The epizootiological importance of foot-and-mouth disease carriers
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Susceptible and immunized cattle were exposed to FMDV in varying amounts, and by different routes, and a high percentage of cattle became carriers after pharyngeal or nasal exposure.
The percentage of virus “takes” was not altered appreciably by the immune status of the cattle; however, as could be expected, the susceptible cattle more often became clinically ill.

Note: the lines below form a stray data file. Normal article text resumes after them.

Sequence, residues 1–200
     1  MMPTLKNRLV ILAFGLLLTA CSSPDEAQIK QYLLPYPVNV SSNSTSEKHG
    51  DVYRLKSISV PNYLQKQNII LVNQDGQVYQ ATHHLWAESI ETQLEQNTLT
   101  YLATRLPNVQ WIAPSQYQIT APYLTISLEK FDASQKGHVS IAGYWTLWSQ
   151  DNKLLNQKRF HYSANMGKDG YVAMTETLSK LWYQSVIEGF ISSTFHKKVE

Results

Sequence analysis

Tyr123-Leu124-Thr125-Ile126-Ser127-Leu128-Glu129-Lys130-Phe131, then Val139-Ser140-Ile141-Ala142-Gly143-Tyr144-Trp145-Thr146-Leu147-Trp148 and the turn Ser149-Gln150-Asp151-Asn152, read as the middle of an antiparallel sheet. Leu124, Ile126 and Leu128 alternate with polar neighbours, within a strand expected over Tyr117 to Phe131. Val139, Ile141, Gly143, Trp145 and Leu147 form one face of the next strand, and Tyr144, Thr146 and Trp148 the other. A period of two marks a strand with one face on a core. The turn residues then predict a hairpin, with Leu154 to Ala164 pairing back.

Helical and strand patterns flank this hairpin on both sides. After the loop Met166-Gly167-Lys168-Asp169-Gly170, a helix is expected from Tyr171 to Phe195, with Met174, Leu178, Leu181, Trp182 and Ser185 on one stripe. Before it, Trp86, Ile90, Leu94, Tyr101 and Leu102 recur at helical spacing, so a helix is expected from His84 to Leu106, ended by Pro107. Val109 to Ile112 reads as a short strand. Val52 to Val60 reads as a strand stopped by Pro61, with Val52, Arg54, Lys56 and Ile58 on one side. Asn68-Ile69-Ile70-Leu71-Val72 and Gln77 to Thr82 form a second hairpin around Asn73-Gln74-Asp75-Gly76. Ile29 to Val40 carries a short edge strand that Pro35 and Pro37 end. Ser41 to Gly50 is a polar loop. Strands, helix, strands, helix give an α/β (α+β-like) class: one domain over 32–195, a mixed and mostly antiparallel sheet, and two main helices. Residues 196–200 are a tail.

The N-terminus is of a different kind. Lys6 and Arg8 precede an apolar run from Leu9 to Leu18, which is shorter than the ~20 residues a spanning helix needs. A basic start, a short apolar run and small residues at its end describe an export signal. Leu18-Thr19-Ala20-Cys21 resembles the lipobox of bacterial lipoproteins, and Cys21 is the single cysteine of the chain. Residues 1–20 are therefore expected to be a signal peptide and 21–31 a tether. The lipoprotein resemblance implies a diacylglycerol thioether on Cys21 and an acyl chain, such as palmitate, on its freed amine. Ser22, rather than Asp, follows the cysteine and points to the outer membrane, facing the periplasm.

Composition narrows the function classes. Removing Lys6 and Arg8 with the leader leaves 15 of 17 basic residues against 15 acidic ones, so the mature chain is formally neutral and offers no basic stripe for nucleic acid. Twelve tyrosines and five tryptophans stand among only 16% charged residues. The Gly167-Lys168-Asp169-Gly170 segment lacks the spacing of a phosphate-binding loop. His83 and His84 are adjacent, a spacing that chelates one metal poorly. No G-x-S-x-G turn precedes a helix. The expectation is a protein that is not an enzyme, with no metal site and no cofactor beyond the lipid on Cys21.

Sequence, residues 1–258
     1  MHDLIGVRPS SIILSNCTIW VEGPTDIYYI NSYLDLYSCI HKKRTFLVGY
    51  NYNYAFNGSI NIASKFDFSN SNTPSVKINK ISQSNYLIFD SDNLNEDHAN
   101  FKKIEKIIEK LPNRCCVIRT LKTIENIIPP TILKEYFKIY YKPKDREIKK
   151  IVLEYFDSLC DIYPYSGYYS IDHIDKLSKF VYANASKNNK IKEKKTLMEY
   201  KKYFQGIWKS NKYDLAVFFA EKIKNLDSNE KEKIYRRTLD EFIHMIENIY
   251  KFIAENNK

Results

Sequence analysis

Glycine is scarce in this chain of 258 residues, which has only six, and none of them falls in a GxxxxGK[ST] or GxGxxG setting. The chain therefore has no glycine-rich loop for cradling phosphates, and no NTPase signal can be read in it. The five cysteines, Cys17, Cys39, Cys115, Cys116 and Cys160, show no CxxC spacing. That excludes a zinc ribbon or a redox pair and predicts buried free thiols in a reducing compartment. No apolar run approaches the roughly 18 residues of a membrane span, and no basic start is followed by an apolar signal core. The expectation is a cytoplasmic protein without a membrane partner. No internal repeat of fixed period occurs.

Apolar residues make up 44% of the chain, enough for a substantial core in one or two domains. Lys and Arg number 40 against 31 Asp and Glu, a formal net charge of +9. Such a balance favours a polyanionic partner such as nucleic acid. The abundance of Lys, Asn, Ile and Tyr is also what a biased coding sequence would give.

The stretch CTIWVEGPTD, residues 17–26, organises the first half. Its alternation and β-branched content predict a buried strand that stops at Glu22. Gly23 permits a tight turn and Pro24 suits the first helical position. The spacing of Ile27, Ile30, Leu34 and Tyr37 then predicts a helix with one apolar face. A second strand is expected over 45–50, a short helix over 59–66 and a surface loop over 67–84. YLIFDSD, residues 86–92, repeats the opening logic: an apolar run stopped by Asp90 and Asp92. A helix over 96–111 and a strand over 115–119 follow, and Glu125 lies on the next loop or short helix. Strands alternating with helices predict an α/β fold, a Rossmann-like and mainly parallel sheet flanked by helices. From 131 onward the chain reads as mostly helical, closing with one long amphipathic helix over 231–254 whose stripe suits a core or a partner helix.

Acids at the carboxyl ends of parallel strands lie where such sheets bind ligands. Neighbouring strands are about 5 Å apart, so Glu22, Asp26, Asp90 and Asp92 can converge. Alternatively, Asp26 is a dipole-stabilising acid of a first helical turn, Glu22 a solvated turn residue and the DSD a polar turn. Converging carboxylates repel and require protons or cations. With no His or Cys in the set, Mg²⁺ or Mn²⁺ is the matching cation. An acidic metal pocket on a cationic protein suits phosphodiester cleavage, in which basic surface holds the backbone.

If only minimal amounts of virus were inoculated, carriers were sometimes produced without overt disease. In immune cattle, this direct establishment of asymptomatic carriers appeared to be the rule.
In immunized cattle, the number of virus “takes” was somewhat reduced when low doses of virus were inoculated by the pharyngeal or nasal route.
If the virus was able to establish itself in the pharynx of immunized cattle, active virus multiplication took place in spite of preinfection serum antibody and the absence of clinical signs.
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